OPEN Foundation

Psychopharmacology

Hallucinations Under Psychedelics and in the Schizophrenia Spectrum: An Interdisciplinary and Multiscale Comparison

Abstract

The recent renaissance of psychedelic science has reignited interest in the similarity of drug-induced experiences to those more commonly observed in psychiatric contexts such as the schizophrenia-spectrum. This report from a multidisciplinary working group of the International Consortium on Hallucinations Research (ICHR) addresses this issue, putting special emphasis on hallucinatory experiences. We review evidence collected at different scales of understanding, from pharmacology to brain-imaging, phenomenology and anthropology, highlighting similarities and differences between hallucinations under psychedelics and in the schizophrenia-spectrum disorders. Finally, we attempt to integrate these findings using computational approaches and conclude with recommendations for future research.

Leptourgos, P., Fortier-Davy, M., Carhart-Harris, R., Corlett, P. R., Dupuis, D., Halberstadt, A. L., Kometer, M., Kozakova, E., LarØi, F., Noorani, T. N., Preller, K. H., Waters, F., Zaytseva, Y., & Jardri, R. (2020). Hallucinations Under Psychedelics and in the Schizophrenia Spectrum: An Interdisciplinary and Multiscale Comparison. Schizophrenia bulletin, 46(6), 1396–1408. https://doi.org/10.1093/schbul/sbaa117

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Kinetic profile of N,N-dimethyltryptamine and β-carbolines in saliva and serum after oral administration of ayahuasca in a religious context

Ayahuasca is a beverage obtained from Banisteriopsis caapi plus Psychotria viridis. B. caapi contains the β-carbolines harmine, harmaline, and tetrahydroharmine that are monoamine oxidase inhibitors and P. viridis contains N,N-dimethyltryptamine (DMT) that is responsible for the visionary effects of the beverage. Ayahuasca use is becoming a global phenomenon, and the recreational use of DMT and similar alkaloids has also increased in recent years; such uncontrolled use can lead to severe intoxications. In this investigation, liquid chromatography-tandem mass spectrometry (LC-MS/MS) was used to study the kinetics of alkaloids over a 24 h period in saliva and serum of 14 volunteers who consumed ayahuasca twice a month in a religious context. We compared the area under the curve (AUC), maximum concentration (Cmax ), time to reach Cmax (Tmax ), mean residence time (MRT), and half-life (t1/2 ), as well as the serum/saliva ratios of these parameters. DMT and β-carboline concentrations (Cmax ) and AUC were higher in saliva than in serum and the MRT was 1.5-3.0 times higher in serum. A generalized estimation equations (GEEs) model suggested that serum concentrations could be predicted by saliva concentrations, despite large individual variability in the saliva and serum alkaloid concentrations. The possibility of using saliva as a biological matrix to detect DMT, β-carbolines, and their derivatives is very interesting because it allows fast noninvasive sample collection and could be useful for detecting similar alkaloids used recreationally that have considerable potential for intoxication.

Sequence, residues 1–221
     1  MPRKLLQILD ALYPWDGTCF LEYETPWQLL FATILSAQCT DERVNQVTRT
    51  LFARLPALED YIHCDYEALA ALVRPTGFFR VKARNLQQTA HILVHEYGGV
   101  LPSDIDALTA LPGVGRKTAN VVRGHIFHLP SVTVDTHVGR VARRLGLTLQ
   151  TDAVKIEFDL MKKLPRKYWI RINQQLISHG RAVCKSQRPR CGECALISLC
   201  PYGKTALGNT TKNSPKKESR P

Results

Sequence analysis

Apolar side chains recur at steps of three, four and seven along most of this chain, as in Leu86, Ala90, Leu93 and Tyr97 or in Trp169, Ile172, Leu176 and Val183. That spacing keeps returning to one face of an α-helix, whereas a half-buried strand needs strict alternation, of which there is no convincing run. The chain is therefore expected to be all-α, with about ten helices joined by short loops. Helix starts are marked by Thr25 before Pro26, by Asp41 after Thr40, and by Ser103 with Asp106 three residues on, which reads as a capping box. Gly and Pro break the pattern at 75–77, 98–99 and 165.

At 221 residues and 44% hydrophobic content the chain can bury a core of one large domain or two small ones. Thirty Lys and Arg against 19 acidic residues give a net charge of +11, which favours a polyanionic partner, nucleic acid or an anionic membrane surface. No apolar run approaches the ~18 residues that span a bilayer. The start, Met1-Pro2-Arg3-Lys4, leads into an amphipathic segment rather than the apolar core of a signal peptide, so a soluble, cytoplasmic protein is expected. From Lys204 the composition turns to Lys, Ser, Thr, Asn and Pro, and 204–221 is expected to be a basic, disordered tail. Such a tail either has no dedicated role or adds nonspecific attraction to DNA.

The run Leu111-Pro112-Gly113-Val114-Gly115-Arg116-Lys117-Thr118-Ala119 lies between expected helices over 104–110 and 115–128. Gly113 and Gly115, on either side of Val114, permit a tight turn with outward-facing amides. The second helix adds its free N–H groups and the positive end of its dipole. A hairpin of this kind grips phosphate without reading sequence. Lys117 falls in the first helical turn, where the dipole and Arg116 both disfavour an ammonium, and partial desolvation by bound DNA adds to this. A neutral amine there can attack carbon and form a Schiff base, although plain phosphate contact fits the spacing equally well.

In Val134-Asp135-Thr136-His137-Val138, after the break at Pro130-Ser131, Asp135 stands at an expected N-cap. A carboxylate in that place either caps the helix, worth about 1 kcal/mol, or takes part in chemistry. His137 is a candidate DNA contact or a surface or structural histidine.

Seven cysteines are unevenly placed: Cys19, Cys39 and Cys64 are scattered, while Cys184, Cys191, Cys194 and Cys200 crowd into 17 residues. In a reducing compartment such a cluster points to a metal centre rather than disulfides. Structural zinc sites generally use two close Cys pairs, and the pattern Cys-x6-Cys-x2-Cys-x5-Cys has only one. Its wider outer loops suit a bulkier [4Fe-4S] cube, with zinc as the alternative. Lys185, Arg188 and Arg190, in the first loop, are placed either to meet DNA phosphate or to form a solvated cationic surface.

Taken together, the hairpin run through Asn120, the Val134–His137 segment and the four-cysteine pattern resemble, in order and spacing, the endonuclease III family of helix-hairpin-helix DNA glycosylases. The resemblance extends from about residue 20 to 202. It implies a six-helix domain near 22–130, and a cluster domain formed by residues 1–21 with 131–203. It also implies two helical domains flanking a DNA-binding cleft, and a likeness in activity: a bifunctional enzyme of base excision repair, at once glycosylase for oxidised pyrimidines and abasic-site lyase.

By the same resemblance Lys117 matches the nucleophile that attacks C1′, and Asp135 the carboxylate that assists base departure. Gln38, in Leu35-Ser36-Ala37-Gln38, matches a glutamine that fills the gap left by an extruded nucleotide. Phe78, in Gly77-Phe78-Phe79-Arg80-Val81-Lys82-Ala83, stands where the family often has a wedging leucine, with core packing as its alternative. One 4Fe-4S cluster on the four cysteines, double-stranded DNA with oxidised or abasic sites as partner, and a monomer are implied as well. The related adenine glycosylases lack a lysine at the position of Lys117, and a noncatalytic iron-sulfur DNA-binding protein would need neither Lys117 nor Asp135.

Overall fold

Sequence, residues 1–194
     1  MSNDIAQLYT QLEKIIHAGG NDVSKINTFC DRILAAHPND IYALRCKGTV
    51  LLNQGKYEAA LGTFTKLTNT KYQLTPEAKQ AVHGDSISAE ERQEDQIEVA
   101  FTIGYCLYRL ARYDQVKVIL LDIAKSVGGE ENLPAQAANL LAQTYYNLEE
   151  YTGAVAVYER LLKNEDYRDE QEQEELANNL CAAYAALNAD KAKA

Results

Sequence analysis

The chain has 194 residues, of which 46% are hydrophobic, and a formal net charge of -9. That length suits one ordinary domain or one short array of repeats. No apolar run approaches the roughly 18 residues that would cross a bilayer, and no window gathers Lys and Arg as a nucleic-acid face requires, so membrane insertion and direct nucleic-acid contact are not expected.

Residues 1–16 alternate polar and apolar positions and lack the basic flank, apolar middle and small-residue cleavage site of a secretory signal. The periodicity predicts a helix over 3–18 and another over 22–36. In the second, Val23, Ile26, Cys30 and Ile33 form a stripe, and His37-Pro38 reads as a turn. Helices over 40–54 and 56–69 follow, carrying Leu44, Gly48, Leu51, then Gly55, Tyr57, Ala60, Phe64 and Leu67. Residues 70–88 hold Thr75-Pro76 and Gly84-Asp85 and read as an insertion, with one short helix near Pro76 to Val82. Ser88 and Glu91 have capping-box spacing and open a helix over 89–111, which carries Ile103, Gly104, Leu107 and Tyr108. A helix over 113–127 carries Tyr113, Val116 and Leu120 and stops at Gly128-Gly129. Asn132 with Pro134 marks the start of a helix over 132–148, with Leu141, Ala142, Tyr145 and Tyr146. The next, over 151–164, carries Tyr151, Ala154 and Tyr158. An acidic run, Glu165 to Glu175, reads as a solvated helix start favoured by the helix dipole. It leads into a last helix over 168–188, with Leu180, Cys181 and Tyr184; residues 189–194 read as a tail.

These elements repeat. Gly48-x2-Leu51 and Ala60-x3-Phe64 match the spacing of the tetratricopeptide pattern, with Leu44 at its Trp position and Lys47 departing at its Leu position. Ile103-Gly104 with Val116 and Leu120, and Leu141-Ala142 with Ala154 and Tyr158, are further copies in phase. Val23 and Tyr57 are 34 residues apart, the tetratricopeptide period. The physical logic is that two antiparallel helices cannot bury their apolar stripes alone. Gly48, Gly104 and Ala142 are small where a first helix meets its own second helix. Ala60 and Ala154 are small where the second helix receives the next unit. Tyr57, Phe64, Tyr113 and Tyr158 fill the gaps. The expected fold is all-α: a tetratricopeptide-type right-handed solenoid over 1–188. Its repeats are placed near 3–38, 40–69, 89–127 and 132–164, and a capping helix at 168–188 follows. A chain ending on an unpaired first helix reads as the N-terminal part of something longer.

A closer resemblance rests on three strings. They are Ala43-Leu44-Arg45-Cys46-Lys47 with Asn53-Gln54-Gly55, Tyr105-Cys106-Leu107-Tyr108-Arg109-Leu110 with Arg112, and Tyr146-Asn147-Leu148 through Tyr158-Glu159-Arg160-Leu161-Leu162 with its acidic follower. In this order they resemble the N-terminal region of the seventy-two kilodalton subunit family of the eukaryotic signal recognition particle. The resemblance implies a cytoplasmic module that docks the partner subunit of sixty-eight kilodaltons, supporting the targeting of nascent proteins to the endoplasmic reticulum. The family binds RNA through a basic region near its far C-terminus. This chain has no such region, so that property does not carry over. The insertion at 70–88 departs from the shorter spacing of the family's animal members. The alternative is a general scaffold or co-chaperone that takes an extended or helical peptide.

Lanaro, R., Mello, S. M., da Cunha, K. F., Silveira, G., Corrêa-Neto, N. F., Hyslop, S., Cabrices, O. G., Costa, J. L., & Linardi, A. (2021). Kinetic profile of N,N-dimethyltryptamine and β-carbolines in saliva and serum after oral administration of ayahuasca in a religious context. Drug testing and analysis, 13(3), 664–678. https://doi.org/10.1002/dta.2955

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Effect of Ketamine on Rumination in Treatment-Resistant Depressive Patients

Abstract

Background: A rapid antidepressant effect of ketamine has repeatedly been documented in the literature, and identifying clinical features associated with a better response to this treatment is currently an essential question. Considering the relationship between rumination and depression and the need to identify potential predictors of response to ketamine, we analyzed the effect of a single injection of ketamine 0.5 mg/kg on rumination in treatment-resistant depressive (TRD) patients and explored whether baseline ruminative style and early improvements of rumination would predict a greater antidepressant effect of ketamine.

Methods: Ten TRD outpatients who participated in a 4-week open study on the antidepressant effect of ketamine also completed the Ruminative Response Scale the day before, the day after, and a week after ketamine administration.

Results: We found that in our patients, a single rapid 1-minute intravenous injection of ketamine 0.5 mg/kg was efficacious in reducing rumination, but neither severity of rumination at baseline nor early improvements of rumination after ketamine injection predicted antidepressant response.

Conclusions: Our preliminary data suggest that a single injection of ketamine 0.5 mg/kg can be efficacious in reducing rumination in TRD patients but rumination does not seem to be a useful clinical predictor of response to ketamine. Larger studies are necessary to confirm these results.

Vidal, S., Jermann, F., Aubry, J. M., Richard-Lepouriel, H., & Kosel, M. (2020). Effect of Ketamine on Rumination in Treatment-Resistant Depressive Patients. Journal of clinical psychopharmacology, 40(6), 607–610. https://doi.org/10.1097/JCP.0000000000001305